Story by Yashowanto Ghosh, Staff Writer
Photo courtesy of IMDB
Fantastic Beasts are on the loose in theatres right now—”Fantastic Beasts 2: The Crimes of Grindelwald”—and Johnny Depp’s performance as Gellert Grindelwald, with eyes of different colours (see picture above), is genuinely magical.
The movie being part of the prequel to the “Harry Potter” series, you already know where it is ultimately headed: Albus Dumbledore is going to defeat Grindelwald in 1945. This latest installment is still building up to that confrontation with clear parallels between Grindelwald and Hitler, from Grindelwald having a reputation for being a highly persuasive speaker—literally having a “silver tongue”—to actually using his silver tongue in a rousing speech where he rallies his supporters with the promise of a new world order with wizards as its masters, which is a clear allusion to the Nazi concept of a master race.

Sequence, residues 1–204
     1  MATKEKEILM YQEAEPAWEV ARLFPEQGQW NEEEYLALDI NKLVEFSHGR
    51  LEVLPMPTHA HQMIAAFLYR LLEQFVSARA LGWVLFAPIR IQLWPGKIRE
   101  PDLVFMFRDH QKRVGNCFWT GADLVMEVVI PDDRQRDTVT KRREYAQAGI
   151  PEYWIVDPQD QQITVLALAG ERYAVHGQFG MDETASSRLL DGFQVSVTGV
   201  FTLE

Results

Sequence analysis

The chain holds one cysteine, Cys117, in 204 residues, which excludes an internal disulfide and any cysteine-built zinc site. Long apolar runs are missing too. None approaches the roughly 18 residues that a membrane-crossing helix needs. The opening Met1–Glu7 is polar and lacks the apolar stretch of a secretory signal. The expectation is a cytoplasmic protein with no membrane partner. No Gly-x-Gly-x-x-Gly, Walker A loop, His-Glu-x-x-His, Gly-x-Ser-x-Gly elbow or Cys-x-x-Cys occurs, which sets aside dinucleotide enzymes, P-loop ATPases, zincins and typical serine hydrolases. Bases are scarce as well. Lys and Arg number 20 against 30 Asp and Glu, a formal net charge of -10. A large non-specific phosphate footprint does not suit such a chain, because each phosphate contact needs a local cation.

In a brilliant touch of dark humour, the movie has Grindelwald showing visions of what would happen unless the wizards took over—and the visions he shows are what actually happened in the second world war, from tank warfare to the mushroom cloud.
Throughout the movie, Dumbledore, on account of a blood pact the two wizards once made when they were close friends in their youth, avoids fighting Grindelwald. The task of thwarting Grindelwald—the role of the main protagonist of the movie—falls upon Newt Scamander, who is played adorably by Eddie Redmayne. The supporting characters, like all characters J.K. Rowling writes, are memorable as well, and the entire cast comes up with memorable performances, but the screen in this movie really belongs to Johnny Depp.
That said, plot-wise, the movie feels a bit like a middle child. It ends with Grindelwald finding a wizard who is powerful enough to kill Dumbledore, thus setting up the next installment. Curious to know whom Grindelwald picks? Go watch Fantastic Beasts 2 and find out for yourself!
Yashowanto Ghosh is a senior with a major in communication and minors in journalism and writing. Jasho is also an alumnus of Aquinas (B.A. German ’11).